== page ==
It all starts with a simple idea. Then comes the development. After that all the sketching, pattern making, draping, and production flows naturally.
The fashion students at Savannah College of Art and Design (SCAD) Hong Kong have to cover the full spectrum of fashion. They not only oversee the production, but are present at each stage of the project, from the design to the final photo shoot.
Last Thursday, two recent fashion graduates, Maria Nava and Cheryl Ma, sat down and talked to the press about their collections, which were to be exhibited at SCAD Hong Kong’s annual fashion showcase later that day. They also discussed what fashion means to them, the challenges of the industry, and the trends they’re looking forward to in 2019.
The pair have very contrasting styles. Nava, the 26-year-old designer from Mexico City, draws her inspiration from German expressionism, adding elements of drama to her collection of 1920s-style wedding dresses. Meanwhile, 24-year-old local designer Ma drew her designs from nature, having spotted some wild mushrooms on one of her hikes.
“Mushrooms are very resilient; they can survive the harshest environments,” says Ma. “I really wanted to do [natural designs] because nature can be so relatable; I had no clue what the future would bring after I graduated so, like fungi, I needed to learn how to grow in the dark.”
For this project, Ma says planning ahead and using her time wisely have been crucial, as she had to complete six pieces in just eight months. The key was knowing where her strengths and weaknesses lay. Skilled with a needle, Ma knew that sewing her clothes wouldn’t take very long. So, she decided to devote more time to researching the shapes of fungus and developing the patterns.
In the fast-paced, competitive world of fashion, it can be difficult to get a foot on the ladder. But Nava says the joy she gets from her work makes it a battle worth fighting.“I’d rather be doing something that I love [that is not paid well] than something that earns me a lot of money. It’s going to be hard, but I’m gonna enjoy it,” she says. “If it’s for a job you love, having to work late at night isn’t going to seem so bad. You’d probably even do it voluntarily.” Nava’s taste of the fashion industry has also taught her to be both patient and persistent.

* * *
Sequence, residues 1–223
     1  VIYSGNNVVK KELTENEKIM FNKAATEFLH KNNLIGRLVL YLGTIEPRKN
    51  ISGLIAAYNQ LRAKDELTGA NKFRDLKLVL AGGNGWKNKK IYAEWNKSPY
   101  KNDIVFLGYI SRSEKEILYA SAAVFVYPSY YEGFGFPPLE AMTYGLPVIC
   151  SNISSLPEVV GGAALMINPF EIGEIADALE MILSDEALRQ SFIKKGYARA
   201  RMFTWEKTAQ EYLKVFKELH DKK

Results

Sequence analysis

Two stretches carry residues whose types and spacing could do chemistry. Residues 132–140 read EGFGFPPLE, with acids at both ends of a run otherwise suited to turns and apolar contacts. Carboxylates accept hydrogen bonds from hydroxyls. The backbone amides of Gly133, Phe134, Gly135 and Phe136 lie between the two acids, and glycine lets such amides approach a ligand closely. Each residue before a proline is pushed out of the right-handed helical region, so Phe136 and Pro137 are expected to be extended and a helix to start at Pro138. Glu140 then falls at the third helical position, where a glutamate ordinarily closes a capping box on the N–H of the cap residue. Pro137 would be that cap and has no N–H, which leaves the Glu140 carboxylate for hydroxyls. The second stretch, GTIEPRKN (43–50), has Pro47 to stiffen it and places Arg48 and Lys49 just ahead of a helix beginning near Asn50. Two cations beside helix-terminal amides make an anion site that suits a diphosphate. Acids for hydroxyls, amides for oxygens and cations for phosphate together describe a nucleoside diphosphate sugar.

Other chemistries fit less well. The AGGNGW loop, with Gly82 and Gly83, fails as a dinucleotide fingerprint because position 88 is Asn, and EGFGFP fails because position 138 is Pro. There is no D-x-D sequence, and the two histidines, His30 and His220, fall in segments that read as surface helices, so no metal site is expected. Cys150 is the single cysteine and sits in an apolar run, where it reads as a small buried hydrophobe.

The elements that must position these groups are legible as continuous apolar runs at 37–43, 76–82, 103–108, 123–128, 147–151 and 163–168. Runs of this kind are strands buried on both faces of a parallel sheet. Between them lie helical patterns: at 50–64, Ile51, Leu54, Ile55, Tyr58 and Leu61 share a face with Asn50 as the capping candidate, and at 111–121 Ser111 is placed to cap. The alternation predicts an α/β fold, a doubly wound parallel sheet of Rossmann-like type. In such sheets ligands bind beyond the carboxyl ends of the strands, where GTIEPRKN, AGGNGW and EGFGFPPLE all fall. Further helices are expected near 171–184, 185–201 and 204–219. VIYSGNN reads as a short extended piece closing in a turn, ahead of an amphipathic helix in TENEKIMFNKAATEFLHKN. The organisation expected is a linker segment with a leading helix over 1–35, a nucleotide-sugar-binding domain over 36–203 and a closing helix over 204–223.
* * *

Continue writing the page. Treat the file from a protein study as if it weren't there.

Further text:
“I just had to keep saying please, please, please, please, please,” she says of her struggle to find internships and collaboration opportunities.
“Sometimes, things just don’t work out; it comes down to how far you are willing to take your love of what you like to do,” she says.
Other times, however, perseverance pays off; Nava has worked for major fashion house Valentino and her designs have been displayed at shows in London and New York. As for this year’s hottest trends, Ma says that animal prints are here to stay. She also predicts that we’ll see denim being paired with lots of different fabrics. She is working at a denim company, which has inspired her to include more denim in her own designs.
“Of course, designers prefer to create trends than predict them,” she says with a laugh. “Which means I want to see people wearing mushrooms in the future.”
Nava adds that fashion is about breaking the rules. “If you wear a paper bag with something on it and everyone goes crazy about it, it becomes a trend.”
Today, recent graduates of Savannah College of Art and Design (SCAD), Maria Nava and Cheryl Ma, showed off their design pieces at a showcase lunch. Both pieces were part of the annual SCAD Hong Kong Fashion Showcase tonight at the school, which featured a total of 52 designs from 20 fashion students and recent alumni. YP reporter @joanneatyp spoke to Maria and Cheryl about what fashion means to them, the biggest struggles of being fashion designers, and trends expect to be big in 2019. Look out for the full story in an upcoming issue of Young Post! @scadhk @maria.fnava @cmafashiondesign #fashion #design #fashiondesigner #scadsavannah #scad #scadhk #hk #hongkong
So, ultimately, what does fashion mean to designers like Ma? It’s all about the way you wear your clothes, she says, and the spin you put on them more than it is about wearing whatever is most popular with other people.
“[That’s] inspiring,” she said.